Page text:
BORGIA v. ROTHBERG

Reset A A Font size: Print

Andrew BORGIA, appellant, v. Charles ROTHBERG, etc., respondent, et al., defendant.

Decided: March 29, 2017

JOHN M. LEVENTHAL, J.P., L. PRISCILLA HALL, SANDRA L. SGROI, and COLLEEN D. DUFFY, JJ. Kelner & Kelner, New York, N.Y. (Gerard K. Ryan, Jr., of counsel), for appellant. Keller, O'Reilly & Watson, P.C., Woodbury, N.Y. (Vincent J. Petrozzo of counsel), for respondent.

Appeal from an order of the Supreme Court, Suffolk County (Ralph T. Gazzillo, J.), dated July 1, 2014. The order, insofar as appealed from, denied the plaintiff's motion for leave to renew his opposition to a prior motion of the defendant Charles Rothberg for a protective order, which had been granted in an amended order of the same court dated June 5, 2012.

ORDERED that the order dated July 1, 2014, is reversed insofar as appealed from, on the law and the facts, with costs, the plaintiff's motion for leave to renew is granted, upon renewal, the amended order dated June 5, 2012, is vacated, and the prior motion of the defendant Charles Rothberg for a protective order is denied.

This medical malpractice action arises out of two cataract procedures performed on the plaintiff by the defendant Charles Rothberg (hereinafter the defendant). In May 2011, the defendant moved for a protective order denying the plaintiff's notice to produce certain correspondence between the defendant and Alcon Research, Ltd. (hereinafter Alcon), relating to the Alcon intraocular lenses used in the plaintiff's cataract procedures (hereinafter the Alcon documents). The defendant contended that the Alcon documents constituted voluntary adverse event reports by a physician, entitled to be protected from disclosure pursuant to 21 USC § 360i(b)(3)(C). In an amended order dated June 5, 2012, the Supreme Court, after an in camera review of the documents, granted the defendant's motion for a protective order, finding that the Alcon documents were protected from disclosure pursuant to 21 USC § 360i(b). The plaintiff did not appeal from that order.

The defendant was then deposed, after which the plaintiff moved for leave to renew his opposition to the defendant's prior motion, contending that the defendant's deposition testimony revealed new facts demonstrating that the Alcon documents were not protected from disclosure. In an order dated July 1, 2014, the Supreme Court, inter alia, denied the plaintiff's motion for leave to renew. The plaintiff appeals.

“A motion for leave to renew ‘shall be based upon new facts not offered on the prior motion that would change the prior determination’ and ‘shall contain reasonable justification for the failure to present such facts on the prior motion’ “ (Matter of Defendini, 142 AD3d 500, 502, quoting CPLR 2221[e] [2], [3] ).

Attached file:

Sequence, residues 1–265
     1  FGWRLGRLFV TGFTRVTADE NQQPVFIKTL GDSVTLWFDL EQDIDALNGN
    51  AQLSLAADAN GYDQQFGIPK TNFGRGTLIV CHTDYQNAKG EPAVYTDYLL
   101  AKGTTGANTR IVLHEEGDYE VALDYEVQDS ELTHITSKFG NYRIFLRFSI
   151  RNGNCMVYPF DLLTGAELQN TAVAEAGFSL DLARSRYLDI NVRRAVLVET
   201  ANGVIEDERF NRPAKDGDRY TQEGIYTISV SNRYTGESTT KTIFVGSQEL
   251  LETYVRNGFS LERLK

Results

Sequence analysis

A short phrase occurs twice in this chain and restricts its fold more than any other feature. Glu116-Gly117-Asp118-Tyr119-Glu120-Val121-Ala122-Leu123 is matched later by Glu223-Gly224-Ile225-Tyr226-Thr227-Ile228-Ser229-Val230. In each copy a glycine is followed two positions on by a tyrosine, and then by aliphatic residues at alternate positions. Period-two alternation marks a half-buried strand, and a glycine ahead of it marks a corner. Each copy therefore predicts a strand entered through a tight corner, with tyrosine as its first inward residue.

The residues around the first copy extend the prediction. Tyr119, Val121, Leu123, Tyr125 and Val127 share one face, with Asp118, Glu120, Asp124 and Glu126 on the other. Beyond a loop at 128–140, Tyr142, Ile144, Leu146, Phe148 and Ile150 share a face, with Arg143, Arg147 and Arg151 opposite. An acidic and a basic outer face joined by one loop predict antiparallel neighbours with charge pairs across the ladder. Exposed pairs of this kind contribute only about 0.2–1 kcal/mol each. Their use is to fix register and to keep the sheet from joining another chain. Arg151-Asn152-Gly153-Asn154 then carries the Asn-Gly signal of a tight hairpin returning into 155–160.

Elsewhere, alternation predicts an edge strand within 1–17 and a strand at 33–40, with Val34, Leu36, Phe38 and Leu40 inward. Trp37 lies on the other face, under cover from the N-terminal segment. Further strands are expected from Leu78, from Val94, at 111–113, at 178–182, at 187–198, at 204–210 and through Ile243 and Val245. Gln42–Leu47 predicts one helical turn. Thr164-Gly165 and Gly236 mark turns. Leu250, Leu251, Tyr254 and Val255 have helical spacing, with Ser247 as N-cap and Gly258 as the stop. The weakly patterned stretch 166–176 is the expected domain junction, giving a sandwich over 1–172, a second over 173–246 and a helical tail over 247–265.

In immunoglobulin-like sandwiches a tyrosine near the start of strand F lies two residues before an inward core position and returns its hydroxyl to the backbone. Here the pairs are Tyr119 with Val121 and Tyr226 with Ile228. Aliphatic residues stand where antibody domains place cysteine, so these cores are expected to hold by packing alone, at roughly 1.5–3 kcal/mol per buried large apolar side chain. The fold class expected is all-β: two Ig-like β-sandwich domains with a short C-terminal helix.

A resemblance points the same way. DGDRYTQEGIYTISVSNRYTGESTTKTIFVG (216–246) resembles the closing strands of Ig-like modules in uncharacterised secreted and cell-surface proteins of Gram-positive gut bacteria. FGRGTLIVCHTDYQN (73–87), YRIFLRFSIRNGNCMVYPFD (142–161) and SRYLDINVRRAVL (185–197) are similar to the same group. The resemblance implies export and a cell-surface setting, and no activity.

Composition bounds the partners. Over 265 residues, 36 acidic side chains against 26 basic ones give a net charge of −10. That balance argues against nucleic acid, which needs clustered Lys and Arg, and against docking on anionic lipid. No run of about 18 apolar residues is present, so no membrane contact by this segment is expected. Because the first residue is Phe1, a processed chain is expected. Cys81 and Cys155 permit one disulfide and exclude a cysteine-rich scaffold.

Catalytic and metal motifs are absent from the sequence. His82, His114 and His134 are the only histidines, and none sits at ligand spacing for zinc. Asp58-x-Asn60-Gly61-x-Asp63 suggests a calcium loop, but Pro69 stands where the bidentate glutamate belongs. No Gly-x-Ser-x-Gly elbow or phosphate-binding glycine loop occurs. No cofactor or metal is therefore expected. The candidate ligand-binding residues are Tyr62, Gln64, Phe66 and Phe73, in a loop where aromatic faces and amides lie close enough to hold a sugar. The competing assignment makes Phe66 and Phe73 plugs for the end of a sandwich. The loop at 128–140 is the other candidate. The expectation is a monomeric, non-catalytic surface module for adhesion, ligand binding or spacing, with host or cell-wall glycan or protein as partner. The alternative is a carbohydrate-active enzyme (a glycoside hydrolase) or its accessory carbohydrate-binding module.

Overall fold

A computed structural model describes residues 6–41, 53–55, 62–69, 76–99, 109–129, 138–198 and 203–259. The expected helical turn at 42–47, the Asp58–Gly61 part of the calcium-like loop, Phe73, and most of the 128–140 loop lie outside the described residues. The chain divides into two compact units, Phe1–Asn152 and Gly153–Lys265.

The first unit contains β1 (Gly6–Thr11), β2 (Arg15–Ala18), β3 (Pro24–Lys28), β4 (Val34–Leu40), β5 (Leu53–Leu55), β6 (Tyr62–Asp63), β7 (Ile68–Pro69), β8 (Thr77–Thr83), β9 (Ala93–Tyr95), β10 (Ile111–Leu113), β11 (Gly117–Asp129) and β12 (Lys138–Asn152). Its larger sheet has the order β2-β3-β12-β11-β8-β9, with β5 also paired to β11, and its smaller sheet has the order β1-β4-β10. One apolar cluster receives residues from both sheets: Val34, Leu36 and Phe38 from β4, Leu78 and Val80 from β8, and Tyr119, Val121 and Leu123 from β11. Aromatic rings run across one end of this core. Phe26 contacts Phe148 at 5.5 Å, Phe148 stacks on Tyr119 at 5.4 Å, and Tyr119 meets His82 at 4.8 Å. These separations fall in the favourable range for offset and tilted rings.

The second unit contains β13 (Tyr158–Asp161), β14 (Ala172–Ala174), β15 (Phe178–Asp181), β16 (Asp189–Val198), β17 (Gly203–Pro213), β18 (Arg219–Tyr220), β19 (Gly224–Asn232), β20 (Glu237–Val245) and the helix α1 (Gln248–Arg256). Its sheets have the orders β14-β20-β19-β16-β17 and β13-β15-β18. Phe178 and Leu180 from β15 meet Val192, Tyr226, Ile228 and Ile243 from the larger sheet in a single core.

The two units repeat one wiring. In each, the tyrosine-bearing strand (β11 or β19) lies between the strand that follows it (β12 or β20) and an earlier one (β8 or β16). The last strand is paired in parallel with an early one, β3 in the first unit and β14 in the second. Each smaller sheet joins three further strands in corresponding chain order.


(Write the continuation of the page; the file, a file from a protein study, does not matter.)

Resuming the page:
As is relevant to this appeal, the plaintiff demonstrated new facts unavailable to him at the time of the defendant's motion for a protective order; to wit, the defendant's testimony at his deposition that he did not recall submitting the Alcon documents to anyone other than Alcon, and had “no idea” whether the documents were submitted to the Secretary of Health and Human Services. The defendant further testified to his opinion, with a reasonable degree of medical certainty, that the first lens implanted did not cause serious illness or injury to the plaintiff; the defendant's counsel stipulated that if the lens did not cause a serious injury or condition, it did not contribute to it. The defendant had no opinion with regard to the second lens. The defendant's testimony constituted new facts that would have changed the prior determination protecting the Alcon documents from disclosure, as the testimony demonstrated that the Alcon documents do not fall within the ambit of 21 USC § 360i(b), which protects certain documents from disclosure. Specifically, the Alcon documents do not constitute “user reports,” as that term is used in 21 USC § 360i(b). In fact, the defendant's testimony demonstrated that the Alcon documents do not “reasonably suggest[ ]” that the implants caused or contributed to a serious illness or injury (21 USC § 360i [b][1][B][i] ). Thus, contrary to the defendant's contention, the Alcon documents do not qualify as “report[s] made under paragraph (1) [of 21 USC § 360i(b) ]” (21 USC § 360i[b][3] ), which addresses reports a user device facility is required to make regarding “information that reasonably suggests that a device has or may have caused or contributed to the serious illness of, or serious injury to, a patient of the facility, or ․ other significant adverse device experiences as determined by the Secretary by regulation to be necessary to be reported” (21 USC § 360i[b][1][B]; see generally Kubicki on behalf of Kubicki v. Medtronic, 307 FRD 291, 298 [D DC] ).

Accordingly, the Supreme Court should have granted the plaintiff's motion for leave to renew (see Matter of Defendini, 142 AD3d at 502; Matter of Surdo v. Levittown Pub. School Dist., 41 AD3d 486, 486).

As the party seeking to preclude discovery, the defendant had the burden of proving that the Alcon documents were not discoverable (see Jacaruso v. Keyspan Energy Corp., 109 AD3d 585, 586; Vivitorian Corp. v. First Cent. Ins. Co., 203 A.D.2d 452, 452–453; see also Matter of Kapon v. Koch, 23 NY3d 32, 39). In light of the defendant's failure to meet that burden, upon renewal, the Supreme Court should have denied the defendant's motion for a protective order (see Matter of Defendini, 142 AD3d at 502; Friedman, Harfenist, Langer & Kraut v. Rosenthal, 79 AD3d 798, 801). This Court takes no position, however, regarding the admissibility of the Alcon documents.

The plaintiff's remaining contentions are not properly before this Court and, in any event, need not be reached in light of our determination.